Hide your children, put away the pets! ABC reports that a new Barbie has some strange quirk: push her button the wrong way and she may call your child a slut! Yikes-a-hooty! I think your safer with a sock doll.
I’ve been in Chicago this week at the Forrester Consumer Forum: Humanizing the Digital Experience. I’ll try to post some notes later this week, but I had to put up a few thoughts on one session that almost made me jump up a shout “Hallelujah!” Of course, I wasn’t sure how these “corporate folks” would respond to a Southern Pentecostal boy whooping and dancing.
Nicholas Negroponte spoke this morning about his vision of putting a laptop into the hands of every child in the world and how he is working to make that happen. This wasn’t just blue sky dreaming. This is a clear vision that will make a dramatic launch of putting $100 laptops into the hands on children in several countries as a precursor to a larger distribution.
Working with corporations, researchers, and country leaders, Negroponte’s One Laptop Per Child non-profit is stunning combination of problem-solving, business planning and long term visioning for our world. The implications of how this could impact learning and development as well as communication, bridge-building and more are staggering. (Not to mention the impact upon computer technology .)
But don’t waste time listening to me ramble, visit his site and find out what’s happening for yourself.
It’s official, the United States is full of Internet Addicts. Yipes! I think I better spend a few hours googling that.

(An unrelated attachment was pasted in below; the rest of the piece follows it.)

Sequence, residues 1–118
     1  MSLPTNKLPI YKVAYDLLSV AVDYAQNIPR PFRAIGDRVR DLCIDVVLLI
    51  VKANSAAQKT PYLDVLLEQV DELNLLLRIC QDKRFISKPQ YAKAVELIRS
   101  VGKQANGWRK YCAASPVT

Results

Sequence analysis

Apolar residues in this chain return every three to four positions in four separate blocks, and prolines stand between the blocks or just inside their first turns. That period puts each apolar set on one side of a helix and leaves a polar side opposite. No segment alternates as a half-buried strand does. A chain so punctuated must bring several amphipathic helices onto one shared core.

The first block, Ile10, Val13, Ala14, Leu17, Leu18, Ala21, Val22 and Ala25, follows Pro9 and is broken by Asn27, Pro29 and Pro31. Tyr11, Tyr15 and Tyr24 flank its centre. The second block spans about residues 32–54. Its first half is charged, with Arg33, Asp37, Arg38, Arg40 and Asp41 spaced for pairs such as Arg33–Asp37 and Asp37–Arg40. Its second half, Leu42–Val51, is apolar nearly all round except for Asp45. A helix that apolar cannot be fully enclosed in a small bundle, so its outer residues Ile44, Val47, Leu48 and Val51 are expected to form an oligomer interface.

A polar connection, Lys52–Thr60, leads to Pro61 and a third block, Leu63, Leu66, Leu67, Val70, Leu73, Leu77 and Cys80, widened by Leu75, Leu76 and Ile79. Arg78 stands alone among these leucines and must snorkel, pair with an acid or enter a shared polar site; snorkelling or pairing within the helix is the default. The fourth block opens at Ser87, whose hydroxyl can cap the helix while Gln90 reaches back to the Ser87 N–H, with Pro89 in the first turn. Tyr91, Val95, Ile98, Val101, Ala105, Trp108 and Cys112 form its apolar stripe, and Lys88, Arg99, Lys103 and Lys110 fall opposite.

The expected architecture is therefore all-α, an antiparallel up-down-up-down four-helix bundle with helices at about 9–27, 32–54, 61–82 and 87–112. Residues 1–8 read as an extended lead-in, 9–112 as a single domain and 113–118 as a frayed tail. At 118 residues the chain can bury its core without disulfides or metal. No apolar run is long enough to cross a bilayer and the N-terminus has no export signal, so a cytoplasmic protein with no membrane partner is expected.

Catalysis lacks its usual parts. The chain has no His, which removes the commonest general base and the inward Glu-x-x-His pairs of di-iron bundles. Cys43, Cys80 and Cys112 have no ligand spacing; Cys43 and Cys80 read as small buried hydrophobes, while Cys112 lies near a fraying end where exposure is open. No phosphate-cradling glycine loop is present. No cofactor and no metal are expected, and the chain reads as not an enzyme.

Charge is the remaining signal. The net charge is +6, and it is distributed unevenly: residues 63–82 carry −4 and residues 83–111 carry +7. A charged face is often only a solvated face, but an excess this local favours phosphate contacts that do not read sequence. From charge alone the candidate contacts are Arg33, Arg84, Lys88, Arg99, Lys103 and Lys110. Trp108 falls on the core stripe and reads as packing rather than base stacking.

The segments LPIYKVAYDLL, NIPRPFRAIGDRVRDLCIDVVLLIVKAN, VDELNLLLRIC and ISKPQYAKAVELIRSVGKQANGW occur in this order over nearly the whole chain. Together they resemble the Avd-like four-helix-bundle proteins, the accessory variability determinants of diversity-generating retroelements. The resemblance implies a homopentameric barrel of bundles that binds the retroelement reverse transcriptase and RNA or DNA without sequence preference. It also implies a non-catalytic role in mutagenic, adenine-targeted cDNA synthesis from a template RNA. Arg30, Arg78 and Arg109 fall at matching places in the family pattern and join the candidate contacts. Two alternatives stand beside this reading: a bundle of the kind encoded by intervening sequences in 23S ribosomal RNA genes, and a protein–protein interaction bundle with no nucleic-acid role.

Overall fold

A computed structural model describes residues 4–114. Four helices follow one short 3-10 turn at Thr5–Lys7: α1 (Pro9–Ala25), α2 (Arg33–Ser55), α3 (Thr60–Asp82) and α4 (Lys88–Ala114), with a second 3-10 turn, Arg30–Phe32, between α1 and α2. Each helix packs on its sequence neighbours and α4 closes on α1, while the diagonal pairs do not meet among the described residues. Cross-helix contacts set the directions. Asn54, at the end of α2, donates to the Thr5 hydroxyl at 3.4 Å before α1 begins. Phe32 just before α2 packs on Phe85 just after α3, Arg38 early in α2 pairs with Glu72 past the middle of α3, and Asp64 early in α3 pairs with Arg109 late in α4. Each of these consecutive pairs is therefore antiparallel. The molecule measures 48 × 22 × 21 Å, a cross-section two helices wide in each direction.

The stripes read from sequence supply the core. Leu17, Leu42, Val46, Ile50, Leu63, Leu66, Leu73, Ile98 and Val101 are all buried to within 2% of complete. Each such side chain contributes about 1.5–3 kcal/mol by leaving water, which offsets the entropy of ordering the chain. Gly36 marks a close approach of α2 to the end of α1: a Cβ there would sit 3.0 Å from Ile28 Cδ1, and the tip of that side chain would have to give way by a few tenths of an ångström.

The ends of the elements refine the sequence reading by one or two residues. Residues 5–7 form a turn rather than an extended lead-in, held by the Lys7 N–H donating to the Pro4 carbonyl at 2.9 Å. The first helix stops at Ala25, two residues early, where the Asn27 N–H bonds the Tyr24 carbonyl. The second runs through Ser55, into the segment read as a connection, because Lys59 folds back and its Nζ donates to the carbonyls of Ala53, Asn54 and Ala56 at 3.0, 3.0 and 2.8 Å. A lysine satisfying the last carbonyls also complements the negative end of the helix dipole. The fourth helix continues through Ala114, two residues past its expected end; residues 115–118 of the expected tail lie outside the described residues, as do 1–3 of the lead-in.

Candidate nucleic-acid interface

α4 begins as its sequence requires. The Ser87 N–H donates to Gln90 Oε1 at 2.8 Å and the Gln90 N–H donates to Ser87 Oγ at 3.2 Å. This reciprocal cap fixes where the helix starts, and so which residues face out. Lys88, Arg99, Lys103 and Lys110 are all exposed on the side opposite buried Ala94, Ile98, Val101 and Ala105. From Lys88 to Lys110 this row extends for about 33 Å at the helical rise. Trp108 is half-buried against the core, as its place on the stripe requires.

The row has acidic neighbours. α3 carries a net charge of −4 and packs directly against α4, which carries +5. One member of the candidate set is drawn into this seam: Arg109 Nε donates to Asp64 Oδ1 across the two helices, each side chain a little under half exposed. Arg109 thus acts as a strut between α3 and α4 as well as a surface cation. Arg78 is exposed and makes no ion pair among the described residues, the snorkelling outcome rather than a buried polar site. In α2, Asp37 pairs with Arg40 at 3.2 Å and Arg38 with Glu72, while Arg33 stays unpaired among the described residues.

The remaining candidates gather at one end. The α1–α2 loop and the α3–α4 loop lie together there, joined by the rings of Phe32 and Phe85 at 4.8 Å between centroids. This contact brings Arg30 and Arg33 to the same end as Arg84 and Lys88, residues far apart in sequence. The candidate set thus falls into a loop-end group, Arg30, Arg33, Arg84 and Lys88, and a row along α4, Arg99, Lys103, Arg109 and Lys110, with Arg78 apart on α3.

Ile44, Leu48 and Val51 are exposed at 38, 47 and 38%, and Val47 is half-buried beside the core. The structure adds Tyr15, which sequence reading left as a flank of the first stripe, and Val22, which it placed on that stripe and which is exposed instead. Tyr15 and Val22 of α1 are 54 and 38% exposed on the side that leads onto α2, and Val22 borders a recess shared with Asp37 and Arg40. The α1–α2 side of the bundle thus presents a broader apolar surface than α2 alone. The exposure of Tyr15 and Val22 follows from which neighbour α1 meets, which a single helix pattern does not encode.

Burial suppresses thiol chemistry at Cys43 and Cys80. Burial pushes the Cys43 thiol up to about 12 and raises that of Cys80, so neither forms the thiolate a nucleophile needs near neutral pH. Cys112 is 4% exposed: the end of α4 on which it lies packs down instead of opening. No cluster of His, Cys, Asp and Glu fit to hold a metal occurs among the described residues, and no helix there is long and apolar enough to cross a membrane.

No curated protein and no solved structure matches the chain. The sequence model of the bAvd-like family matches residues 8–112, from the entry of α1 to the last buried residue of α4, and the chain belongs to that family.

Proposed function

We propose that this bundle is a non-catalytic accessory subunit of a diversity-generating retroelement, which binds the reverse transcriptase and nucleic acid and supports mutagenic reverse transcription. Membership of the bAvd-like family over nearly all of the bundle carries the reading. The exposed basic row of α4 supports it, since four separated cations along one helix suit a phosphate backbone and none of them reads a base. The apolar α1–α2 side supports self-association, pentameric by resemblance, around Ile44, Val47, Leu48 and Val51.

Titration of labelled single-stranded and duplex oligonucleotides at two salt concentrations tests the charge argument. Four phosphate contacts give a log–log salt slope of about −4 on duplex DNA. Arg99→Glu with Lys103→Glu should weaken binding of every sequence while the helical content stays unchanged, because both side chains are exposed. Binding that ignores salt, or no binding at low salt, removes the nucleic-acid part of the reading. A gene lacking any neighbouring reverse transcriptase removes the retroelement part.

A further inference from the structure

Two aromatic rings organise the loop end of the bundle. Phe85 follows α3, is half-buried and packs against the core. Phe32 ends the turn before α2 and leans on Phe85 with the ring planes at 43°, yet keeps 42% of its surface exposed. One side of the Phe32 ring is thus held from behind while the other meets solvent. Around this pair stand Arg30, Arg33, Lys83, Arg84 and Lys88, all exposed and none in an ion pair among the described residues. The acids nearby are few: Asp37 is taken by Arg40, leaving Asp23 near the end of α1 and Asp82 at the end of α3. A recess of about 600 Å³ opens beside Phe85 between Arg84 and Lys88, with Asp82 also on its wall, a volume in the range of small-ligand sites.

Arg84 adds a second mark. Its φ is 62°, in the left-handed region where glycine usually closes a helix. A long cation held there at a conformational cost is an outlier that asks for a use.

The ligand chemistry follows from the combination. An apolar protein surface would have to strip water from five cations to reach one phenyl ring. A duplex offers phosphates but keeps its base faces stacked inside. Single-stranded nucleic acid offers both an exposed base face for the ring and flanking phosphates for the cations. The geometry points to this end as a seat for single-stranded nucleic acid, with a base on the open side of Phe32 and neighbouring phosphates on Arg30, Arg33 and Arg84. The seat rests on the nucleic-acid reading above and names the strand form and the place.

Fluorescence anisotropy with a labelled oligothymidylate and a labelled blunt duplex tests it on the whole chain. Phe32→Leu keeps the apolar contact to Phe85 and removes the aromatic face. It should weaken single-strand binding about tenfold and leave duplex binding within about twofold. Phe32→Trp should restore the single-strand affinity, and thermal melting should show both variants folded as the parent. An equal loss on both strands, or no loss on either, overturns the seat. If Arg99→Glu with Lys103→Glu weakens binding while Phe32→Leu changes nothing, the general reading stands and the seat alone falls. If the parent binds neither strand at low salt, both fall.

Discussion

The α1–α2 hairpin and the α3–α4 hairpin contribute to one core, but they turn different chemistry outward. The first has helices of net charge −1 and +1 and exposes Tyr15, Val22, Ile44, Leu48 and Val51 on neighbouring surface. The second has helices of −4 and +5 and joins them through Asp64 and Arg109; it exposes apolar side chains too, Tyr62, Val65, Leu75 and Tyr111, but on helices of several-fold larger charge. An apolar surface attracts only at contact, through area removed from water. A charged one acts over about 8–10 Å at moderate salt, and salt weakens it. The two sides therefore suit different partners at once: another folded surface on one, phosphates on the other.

The Web page was pronounced dead on October 9, 2006, after a long bought with chronic irrelevance. A large group of marketers attempted CPR and other heroic resuscitation techniques. Witnesses present at the scene told reporters that despite a few minutes of chaos, the Web page’s last moments were largely serene and peaceful.
NYT announced today that Netflix is offering a $1 million dollar prize for the person who can improve their recommendation system by at least 10 percent. To help potential winners, they’re making available “to the public 100 million of its customers’ movie ratings, a database the company says is the largest of its kind ever released.”
I think this is pretty cool. It is more of the consumer generated content trend where companies look outside their walls to the public for help in creating solutions.
Trying to keep out open source invaders, MySpace has decided to erect walls around its interface, claiming YouTube, Flickr and others are simply leeches on the MySpace body. Or as Peter Chernin says,
“If you look at virtually any Web 2.0 application, whether its YouTube, whether it’s Flickr, whether it’s Photobucket or any of the next-generation Web applications, almost all of them are really driven off the back of MySpace.”
It appears MySpace is going to make their space less friendly to outside companies by blocking external links in flash widgets and more. They also plan to develop proprietary widgets for video and other services.
As TechCrunch says, “It sounds like MySpace’s owners may not want to play a game where everyone wins.”
Too bad. We’ll see what happens. Maybe MySpace won’t take their ball go home. And if they do, hopefully someone will come and play even better ball than before.